Young Adults Are At Risk Of “Becoming A Lost Generation.” “They are young adults, 18 to 34, struggling to begin their adult lives during the worst economy since the Great Depression, and they risk becoming a lost generation, according to an extensive new study released Wednesday by two advocacy groups.” (Bob Sullivan, “Recession Threatens Generation Of Young Adults, Inspires 'Occupy' Protests,” MSNBC’s Redtape,” 11/2/11)

  • “People Who Have No Hope For The Future Don't Plan For It.” (Bob Sullivan, “Recession Threatens Generation Of Young Adults, Inspires 'Occupy' Protests,” MSNBC’s Redtape,” 11/2/11)

YOUTH HAVE LOST HOPE BECAUSE NOTHING CHANGED

“High Youth Unemployment Could Create Headwinds For President Obama's Re-Election Campaign.” “Some political analysts believe that high youth unemployment could create headwinds for President Obama's re-election campaign, even though young voters were responsible for so much momentum during Obama's 2008 campaign. In poll after poll this year, voters have consistently named jobs and the economy as their most pressing concerns.” (Alexander Eichler, “Youth Employment Shows A Surprising Rise, Though Overall Picture Remains Grim,” The Huffington Post, 12/1/11)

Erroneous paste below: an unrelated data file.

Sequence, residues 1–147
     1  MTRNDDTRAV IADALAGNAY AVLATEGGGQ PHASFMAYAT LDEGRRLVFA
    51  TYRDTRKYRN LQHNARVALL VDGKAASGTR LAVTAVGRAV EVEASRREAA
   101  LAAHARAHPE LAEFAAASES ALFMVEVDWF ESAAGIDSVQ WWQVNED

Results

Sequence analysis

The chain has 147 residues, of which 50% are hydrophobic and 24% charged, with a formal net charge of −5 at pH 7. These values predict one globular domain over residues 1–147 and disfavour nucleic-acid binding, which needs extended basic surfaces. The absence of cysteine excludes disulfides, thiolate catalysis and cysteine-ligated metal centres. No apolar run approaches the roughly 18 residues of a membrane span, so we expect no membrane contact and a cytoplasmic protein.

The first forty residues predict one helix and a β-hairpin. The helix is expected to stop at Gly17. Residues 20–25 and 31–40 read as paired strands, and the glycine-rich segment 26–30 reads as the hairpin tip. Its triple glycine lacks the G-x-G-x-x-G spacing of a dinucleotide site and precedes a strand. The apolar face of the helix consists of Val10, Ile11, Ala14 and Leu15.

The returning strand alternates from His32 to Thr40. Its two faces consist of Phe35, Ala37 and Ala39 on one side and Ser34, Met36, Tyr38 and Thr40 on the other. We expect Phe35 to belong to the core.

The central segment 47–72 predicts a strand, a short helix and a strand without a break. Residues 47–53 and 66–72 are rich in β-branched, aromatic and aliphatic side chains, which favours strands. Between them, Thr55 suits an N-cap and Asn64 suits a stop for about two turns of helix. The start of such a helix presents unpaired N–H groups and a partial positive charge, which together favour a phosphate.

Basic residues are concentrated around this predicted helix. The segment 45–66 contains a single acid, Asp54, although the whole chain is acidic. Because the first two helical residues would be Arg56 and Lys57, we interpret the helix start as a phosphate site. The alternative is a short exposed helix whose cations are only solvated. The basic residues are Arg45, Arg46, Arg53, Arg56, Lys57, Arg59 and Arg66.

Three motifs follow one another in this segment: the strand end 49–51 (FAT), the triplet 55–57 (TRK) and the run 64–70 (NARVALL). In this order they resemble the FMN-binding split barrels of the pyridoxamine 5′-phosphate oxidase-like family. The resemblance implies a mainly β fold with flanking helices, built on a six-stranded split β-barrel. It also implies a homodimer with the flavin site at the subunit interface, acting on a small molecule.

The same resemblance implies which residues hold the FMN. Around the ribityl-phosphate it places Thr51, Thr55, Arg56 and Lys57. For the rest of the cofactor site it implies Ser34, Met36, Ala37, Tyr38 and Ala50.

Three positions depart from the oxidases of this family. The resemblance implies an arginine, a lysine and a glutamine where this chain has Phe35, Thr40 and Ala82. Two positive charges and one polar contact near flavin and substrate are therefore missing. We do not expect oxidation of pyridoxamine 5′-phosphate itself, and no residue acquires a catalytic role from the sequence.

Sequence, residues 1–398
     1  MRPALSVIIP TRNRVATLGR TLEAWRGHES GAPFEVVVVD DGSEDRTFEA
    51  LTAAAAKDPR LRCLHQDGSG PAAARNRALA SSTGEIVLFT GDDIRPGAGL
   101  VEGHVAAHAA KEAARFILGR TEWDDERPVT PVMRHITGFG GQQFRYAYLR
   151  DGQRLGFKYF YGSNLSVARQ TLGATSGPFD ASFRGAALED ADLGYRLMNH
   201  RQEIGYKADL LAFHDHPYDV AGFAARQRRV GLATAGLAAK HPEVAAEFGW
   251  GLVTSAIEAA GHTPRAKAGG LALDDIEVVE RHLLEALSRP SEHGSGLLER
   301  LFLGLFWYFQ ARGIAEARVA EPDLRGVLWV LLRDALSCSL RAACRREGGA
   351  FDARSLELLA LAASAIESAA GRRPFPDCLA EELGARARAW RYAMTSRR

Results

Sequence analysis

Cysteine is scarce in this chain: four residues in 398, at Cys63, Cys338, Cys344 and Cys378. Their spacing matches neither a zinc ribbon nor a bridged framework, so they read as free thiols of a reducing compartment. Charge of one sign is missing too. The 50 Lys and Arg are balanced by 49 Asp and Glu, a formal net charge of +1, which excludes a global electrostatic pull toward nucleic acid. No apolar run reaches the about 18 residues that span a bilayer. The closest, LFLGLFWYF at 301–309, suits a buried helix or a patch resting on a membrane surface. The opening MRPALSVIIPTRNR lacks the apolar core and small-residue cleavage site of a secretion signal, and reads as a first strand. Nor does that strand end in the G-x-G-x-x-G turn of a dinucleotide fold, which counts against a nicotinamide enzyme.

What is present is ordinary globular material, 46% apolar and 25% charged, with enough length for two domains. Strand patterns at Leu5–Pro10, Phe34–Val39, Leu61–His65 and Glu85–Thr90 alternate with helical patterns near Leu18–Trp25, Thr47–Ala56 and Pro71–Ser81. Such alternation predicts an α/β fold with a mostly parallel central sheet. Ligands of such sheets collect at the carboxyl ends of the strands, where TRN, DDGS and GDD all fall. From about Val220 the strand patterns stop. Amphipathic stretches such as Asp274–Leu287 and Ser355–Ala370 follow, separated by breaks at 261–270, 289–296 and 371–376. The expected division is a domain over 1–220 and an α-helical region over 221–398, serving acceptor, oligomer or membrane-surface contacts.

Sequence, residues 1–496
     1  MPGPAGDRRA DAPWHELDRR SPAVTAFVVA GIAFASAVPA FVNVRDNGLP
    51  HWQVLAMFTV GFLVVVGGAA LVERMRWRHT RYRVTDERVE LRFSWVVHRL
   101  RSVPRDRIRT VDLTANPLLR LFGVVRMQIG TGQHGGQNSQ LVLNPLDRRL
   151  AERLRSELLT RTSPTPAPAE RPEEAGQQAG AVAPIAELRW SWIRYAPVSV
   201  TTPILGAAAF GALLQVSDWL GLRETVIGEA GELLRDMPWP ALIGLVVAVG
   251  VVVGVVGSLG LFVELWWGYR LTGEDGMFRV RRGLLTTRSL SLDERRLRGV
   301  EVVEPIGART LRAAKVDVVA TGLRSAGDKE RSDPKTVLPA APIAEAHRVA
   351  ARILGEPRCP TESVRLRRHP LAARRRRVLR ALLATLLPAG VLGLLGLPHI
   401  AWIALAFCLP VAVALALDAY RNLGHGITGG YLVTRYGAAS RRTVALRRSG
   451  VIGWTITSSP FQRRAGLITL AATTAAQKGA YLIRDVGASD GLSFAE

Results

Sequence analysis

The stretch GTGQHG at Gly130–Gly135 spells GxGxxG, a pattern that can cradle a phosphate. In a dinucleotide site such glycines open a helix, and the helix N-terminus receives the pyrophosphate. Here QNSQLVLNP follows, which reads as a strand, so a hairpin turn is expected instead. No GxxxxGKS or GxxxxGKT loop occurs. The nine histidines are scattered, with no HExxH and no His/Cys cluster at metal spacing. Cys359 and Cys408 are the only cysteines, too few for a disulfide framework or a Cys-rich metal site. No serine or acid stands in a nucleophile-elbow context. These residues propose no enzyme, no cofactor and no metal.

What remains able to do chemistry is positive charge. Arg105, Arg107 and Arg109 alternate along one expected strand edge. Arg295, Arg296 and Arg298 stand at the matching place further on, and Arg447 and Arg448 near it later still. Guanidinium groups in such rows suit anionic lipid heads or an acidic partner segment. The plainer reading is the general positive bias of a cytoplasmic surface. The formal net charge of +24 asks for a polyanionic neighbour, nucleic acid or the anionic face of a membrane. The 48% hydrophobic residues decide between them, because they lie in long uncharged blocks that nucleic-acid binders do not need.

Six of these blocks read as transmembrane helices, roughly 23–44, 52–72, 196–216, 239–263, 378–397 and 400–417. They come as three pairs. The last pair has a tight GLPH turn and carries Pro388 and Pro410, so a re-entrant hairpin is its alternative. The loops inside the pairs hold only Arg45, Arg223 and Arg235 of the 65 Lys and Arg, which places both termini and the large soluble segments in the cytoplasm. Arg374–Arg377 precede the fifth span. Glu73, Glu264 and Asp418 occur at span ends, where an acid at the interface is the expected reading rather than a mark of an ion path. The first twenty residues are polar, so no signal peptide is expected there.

“Visit Any College Campus Today, And You Are Likely To Sense A Lack Of Passion And Energy For Obama. It’s Far From Clear That He Can Reproduce The Unusually Strong Turnout Among Younger Voters That He Sparked In 2008 Or Match The 66 Percent Performance Level He Achieved Then.”(Charlie Cook, “Young And Restless,” National Journal, 3/29/12)

Youth Support For Obama Has “Cooled” Due To “A Surge In Unemployment That Is Souring Young Voters.” “Obama enjoyed a wave of youth support in his run to the presidency, winning 66 percent of voters aged 18-to-29 in the race against Republican Senator John McCain. Twenty-two million young voters cast ballots, making up about 18 percent of the electorate -- two million more than in 2004, according to exit polls and the Center for Information and Research on Civic Learning and Engagement. Today that passion has cooled amid gridlock and partisanship in Washington and a surge in unemployment that is souring young voters.” (Andrew Theen, “Obama Campus Fervor Losing To Apathy As Students Sour On 2012,” San Francisco Chronicle, 3/30/12)

Director Of The Center For The Study Of The American Electorate Curtis Gans: “There's Not The Sense That Four More Years Of Obama Will Change The World For The Better.” “‘There's not the sense that four more years of Obama will change the world for the better,’ Gans said.” (Andrew Theen, “Obama Campus Fervor Losing To Apathy As Students Sour On 2012,” San Francisco Chronicle, 3/30/12)